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Economic Stimulus Package

Offers Little Help to Seniors in Poverty

Workers Making $75,000 Would Get $500 in Relief; Seniors with Average Social Security Income of $13,836 Would Get Just $300
 
The U.S. Senate version of the economic stimulus package would provide Social Security recipients and disabled veterans a one-time extra payment of $300.
 
The Senior Citizens League (TSCL) supports the $300 payment to seniors, but maintains that amount is insufficient to truly help the nation’s poorest seniors. The average Social Security beneficiary receives just $13,836 per year, and more than 10 percent of seniors live below the poverty line.
 
TSCL is advocating for as much as $1,000 in relief for the nation’s poorest seniors – the same amount couples earning up to $150,000 per year would receive.
 
A recent study released by TSCL found that seniors lost 51 percent of their buying power since 2000, a result of costs increasing more rapidly than the Social Security Cost of Living Adjustment.
 
“It’s difficult to understand why the Senate would give the least money to the most vulnerable group in our economy,” said Daniel O’Connell, chairman of The Senior Citizens League. “It seems clear that seniors – especially those barely getting by – are precisely the people that will stimulate the economy by spending their stimulus checks.”
 
“We receive phone calls from seniors every day who are having a tough time paying for their prescriptions, groceries, and rent – these are the very people who need the stimulus most,” said Shannon Benton, executive director of TSCL.
 
TSCL is concerned with one part of the Senate proposal: since workers would not pay a portion of their Social Security taxes, the Social Security Trust Fund would go into deficit spending as early as 2010. TSCL encourages lawmakers to take the money required for this tax relief from the general treasury rather than the Trust Fund.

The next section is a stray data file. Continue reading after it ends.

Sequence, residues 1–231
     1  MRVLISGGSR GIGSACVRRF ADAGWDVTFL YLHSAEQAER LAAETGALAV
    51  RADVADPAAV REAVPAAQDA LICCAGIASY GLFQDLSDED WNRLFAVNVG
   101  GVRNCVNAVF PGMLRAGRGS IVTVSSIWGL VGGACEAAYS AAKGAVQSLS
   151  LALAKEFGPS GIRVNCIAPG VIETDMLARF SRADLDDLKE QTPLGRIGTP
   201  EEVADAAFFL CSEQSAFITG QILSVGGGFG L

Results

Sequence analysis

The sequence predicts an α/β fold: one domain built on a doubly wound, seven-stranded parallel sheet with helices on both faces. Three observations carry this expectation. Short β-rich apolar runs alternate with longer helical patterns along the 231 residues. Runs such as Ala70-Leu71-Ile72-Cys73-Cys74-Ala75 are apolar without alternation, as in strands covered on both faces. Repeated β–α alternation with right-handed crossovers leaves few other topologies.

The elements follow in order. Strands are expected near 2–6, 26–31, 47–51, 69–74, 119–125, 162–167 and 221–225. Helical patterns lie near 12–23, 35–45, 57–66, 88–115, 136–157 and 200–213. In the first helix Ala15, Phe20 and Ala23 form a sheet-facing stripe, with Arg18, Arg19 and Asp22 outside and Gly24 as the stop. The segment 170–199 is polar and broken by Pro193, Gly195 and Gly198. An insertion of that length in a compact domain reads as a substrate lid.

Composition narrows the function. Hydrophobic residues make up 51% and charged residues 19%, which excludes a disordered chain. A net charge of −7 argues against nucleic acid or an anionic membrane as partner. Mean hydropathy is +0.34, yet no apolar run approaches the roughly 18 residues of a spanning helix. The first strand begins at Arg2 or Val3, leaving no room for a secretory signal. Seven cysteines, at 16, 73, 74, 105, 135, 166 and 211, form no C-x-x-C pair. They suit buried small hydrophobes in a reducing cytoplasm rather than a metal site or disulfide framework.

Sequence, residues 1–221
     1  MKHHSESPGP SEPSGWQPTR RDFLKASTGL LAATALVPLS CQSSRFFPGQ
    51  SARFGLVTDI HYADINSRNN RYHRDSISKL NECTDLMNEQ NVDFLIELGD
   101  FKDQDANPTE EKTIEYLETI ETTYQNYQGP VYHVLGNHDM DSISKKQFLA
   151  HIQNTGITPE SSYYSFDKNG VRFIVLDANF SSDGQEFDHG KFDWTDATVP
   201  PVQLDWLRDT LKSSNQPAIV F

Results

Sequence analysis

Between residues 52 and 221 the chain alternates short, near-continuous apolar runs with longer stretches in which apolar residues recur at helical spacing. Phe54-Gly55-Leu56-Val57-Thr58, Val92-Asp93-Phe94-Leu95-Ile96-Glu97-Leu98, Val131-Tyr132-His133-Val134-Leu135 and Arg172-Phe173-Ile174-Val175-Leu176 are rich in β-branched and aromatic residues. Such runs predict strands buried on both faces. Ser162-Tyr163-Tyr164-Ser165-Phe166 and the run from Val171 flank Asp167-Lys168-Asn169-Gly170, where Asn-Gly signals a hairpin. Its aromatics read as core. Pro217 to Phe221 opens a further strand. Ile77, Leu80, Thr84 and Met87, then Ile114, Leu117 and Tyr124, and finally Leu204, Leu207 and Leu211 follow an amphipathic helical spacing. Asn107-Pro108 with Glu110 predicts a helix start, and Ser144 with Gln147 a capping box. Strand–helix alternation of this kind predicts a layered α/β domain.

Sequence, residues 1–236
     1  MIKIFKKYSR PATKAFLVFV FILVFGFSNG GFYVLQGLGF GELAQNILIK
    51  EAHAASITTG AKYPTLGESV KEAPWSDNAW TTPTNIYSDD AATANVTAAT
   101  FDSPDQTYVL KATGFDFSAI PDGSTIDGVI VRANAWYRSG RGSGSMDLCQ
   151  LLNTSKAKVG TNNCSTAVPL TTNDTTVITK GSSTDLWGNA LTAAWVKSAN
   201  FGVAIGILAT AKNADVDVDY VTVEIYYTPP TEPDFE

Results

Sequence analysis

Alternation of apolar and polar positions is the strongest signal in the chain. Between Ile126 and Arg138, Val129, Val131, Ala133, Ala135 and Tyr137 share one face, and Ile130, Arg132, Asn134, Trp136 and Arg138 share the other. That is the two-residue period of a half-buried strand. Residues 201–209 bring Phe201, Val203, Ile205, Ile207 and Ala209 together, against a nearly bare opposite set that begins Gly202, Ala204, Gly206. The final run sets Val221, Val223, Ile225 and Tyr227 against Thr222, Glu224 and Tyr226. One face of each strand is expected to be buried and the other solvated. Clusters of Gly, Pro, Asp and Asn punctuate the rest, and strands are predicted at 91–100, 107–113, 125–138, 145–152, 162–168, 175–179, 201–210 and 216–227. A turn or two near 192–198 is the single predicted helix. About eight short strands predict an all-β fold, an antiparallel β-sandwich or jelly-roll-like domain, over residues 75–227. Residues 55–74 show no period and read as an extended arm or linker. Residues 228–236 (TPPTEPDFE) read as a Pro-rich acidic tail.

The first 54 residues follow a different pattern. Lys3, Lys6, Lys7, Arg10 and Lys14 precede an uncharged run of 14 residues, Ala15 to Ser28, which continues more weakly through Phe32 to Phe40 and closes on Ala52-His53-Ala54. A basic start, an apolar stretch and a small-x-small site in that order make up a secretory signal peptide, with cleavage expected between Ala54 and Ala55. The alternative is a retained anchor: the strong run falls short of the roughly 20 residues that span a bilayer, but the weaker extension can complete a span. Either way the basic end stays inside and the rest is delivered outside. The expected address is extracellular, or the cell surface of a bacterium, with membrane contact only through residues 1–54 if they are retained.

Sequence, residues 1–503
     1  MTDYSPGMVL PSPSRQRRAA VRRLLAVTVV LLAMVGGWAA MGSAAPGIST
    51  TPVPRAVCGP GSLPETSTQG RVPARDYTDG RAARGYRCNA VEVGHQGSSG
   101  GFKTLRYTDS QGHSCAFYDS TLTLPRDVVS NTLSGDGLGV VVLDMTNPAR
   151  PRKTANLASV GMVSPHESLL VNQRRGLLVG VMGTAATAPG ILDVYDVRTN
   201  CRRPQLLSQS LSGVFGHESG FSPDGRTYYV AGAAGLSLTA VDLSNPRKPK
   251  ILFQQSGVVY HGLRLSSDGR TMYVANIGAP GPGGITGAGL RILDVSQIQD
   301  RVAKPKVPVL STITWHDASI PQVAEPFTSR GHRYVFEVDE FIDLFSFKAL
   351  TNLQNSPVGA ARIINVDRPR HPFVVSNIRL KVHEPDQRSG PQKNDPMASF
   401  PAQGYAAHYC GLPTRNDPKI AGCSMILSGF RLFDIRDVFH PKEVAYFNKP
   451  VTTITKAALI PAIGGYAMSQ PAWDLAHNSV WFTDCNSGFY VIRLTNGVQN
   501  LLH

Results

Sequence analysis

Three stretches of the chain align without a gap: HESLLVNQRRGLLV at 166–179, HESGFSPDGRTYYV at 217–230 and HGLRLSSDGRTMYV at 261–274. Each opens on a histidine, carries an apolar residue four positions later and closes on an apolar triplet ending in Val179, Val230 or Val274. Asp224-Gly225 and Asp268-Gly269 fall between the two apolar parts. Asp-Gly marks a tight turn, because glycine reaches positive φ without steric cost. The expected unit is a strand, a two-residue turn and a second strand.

Would Place Social Security Trust Fund in Deficit
Only $57 Billion in Surplus Forecast for 2010, But $80.8 Billion Needed for Stimulus Plan’s Payroll Credit
          
The Congressional economic stimulus plan would place the Social Security Trust Fund into deficit for the first time ever next year, if the current economic stimulus package is passed by both Houses of Congress.
 
Social Security is funded by payroll taxes that employees and their employers pay into the system. Money that comes into the Social Security Trust Fund is used to pay the Social Security checks retirees receive each month, and since the creation of the Trust Fund in 1983, the program has always had more money coming in than going out.
 
However, that may change as soon as next year, due to a proposed refundable payroll tax credit which would offer workers a refund on their portion of Social Security taxes, meaning there would be insufficient cash to pay benefits. The $145.3 billion refundable payroll tax credit proposal would give individual workers up to $500 and couples up to $1,000.
 
According to the 2008 Social Security Trustees Report, the estimated surplus under “high cost,” or bad economic conditions, is as follows:
 
“A sufficiently funded Social Security Trust Fund is critical in ensuring that seniors don’t have to endure benefits cuts,” said Daniel O’Connell, chairman of The Senior Citizens League. “Although we recognize the economy is in bad shape, we don’t think putting the Trust Fund into the red is a responsible response.”
 
The Senior Citizens League is advocating for any decrease in payroll taxes to be taken from the general treasury, not the Social Security Trust Fund.
 
With 1.2 million supporters, The Senior Citizens League is one of the nation’s largest nonpartisan seniors groups. Its mission is to promote and assist members and supporters, to educate and alert senior citizens about their rights and freedoms as U.S. Citizens, and to protect and defend the benefits senior citizens have earned and paid for.

The Senior Citizens League is a affiliate of The Retired Enlisted Association
 Visit www.SeniorsLeague.org for more information.
 

 








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